Sunwolves are 'heroes' in Japan
Cape Town - The Sunwolves have come close numerous times, but are still winless in their maiden season of Super Rugby.
They lost 31-32 to the Cheetahs and 27-30 to the Bulls - both at home - and then came within an inch of defeating the Kings in Port Elizabeth last weekend before going down 28-33.
The task this weekend is a little trickier for the Japanese side as they prepare for battle against the Stormers at Newlands.
Coach Mark Hammett spoke to media in Cape Town on Thursday, and he said that results were not the most important thing for his side this season.
"I’m more concerned about individual performance than results," he said.
"If we were coaching a different team that might be different. We have to make sure that we have individuals getting better with their understanding, not just on the field but off it with what goes into a Super Rugby week.
"At the end of the day if we keep getting that right and getting better and better then the actual result takes care of itself.
The Sunwolves were met by a resilient Kings defence last weekend and, despite dominating most of the second half, could not get over the line.
"I don’t want to underplay the fact that we should have won that game last week," said Hammett.
"Out of all the games this year, that one should have been ... probably just our composure to get over the line in those 15 or 20 minutes wasn’t there. That’s probably cost us our first Super win."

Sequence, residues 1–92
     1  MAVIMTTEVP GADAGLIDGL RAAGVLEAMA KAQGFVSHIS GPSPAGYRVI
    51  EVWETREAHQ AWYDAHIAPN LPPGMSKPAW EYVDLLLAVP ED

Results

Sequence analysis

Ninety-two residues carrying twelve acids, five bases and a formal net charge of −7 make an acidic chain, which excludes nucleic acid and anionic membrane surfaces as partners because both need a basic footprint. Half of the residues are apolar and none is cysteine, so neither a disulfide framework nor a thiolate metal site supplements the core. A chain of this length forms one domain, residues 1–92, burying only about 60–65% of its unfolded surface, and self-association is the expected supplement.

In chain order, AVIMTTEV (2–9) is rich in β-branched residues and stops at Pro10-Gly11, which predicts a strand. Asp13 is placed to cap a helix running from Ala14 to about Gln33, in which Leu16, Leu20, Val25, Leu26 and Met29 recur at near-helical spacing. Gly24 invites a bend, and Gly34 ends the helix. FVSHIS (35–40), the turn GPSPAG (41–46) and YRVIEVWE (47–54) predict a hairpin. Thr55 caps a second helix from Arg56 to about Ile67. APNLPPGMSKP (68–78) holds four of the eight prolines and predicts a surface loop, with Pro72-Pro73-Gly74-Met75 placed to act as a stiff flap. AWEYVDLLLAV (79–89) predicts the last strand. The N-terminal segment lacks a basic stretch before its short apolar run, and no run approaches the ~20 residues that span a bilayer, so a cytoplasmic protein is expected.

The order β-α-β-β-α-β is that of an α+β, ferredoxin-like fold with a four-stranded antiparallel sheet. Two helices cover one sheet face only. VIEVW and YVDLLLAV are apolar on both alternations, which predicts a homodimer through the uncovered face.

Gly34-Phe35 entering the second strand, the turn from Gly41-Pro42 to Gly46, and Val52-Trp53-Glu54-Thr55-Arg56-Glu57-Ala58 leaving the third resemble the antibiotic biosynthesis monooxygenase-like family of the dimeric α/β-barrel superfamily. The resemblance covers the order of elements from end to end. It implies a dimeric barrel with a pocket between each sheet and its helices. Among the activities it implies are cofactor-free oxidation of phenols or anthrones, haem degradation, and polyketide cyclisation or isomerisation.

Despite that, the Sunwolves are heroes to a Japanese rugby public that is consistently gaining momentum.
Japan are set to host the 2019 Rugby World Cup, while their win over the Springboks in the 2015 tournament remains one of the most historic matches in the sport's history.
"In Japan there is absolutely no doubt, having spoken to Robbie Deans (coach of the Panasonic Wild Knights) when I got over there, he said the growth in the game - not just the playing ability but also the support and the fans - is huge and it really is," Hammett explained.
"These guys are all seen as heroes as they walk around.
"I’m not saying they perceive themselves as heroes but certainly the perception of the fans is that.
"It’s really grown off the back of the World Cup and then looking forward to 2019."
Sunwolves captain Shota Horie, who started at hooker for Japan that day, also acknowledged the impact the win over the Boks has had.
"Not just for the players, but for Japanese rugby as a whole," he said.
"The players worked really hard and it was a really positive thing for us."
Friday's match kicks off at 19:00.
15 Cheslin Kolbe, 14 Kobus van Wyk, 13 Johnny Kotze, 12 Juan de Jongh (co-captain), 11 Leolin Zas, 10 Jean-Luc du Plessis, 9 Louis Schreuder, 8 Schalk Burger, 7 Siya Kolisi, 6 Sikhumbuzo Notshe, 5 Pieter-Steph du Toit, 4 JD Schickerling, 3 Vincent Koch, 2 Scarra Ntubeni, 1 Oli Kebble
Substitutes: 16 Bongi Mbonambi, 17 JC Janse van Rensburg, 18 Frans Malherbe (co-captain), 19 Rynhardt Elstadt, 20 Nizaam Carr, 21 Godlen Masimla, 22 Huw Jones, 23 Damian de Allende
15 Riaan Viljoen, 14 Viliami Lolohea, 13 Mifiposeti Paea, 12 Derek Carpenter, 11 Akihito Yamada, 10 Yu Tamura, 9 Yuki Yatomi, 8 Tomas Leonardi, 7 Ed Quirk, 6 Liaki Moli, 5 Timothy Bond, 4 Shinya Makabe, 3 Takuma Asahara, 2 Shota Horie (captain), 1 Masataka Mikami
Substitutes: 16 Takeshi Kizu, 17 Ziun Gu, 18 Shinnosuke Kakinaga, 19 Yoshiya Hosoda, 20 Andrew Durutalo, 21 Atsushi Hiwasa, 22 Harumichi Tatekawa, 23 Yasutaka Sasakura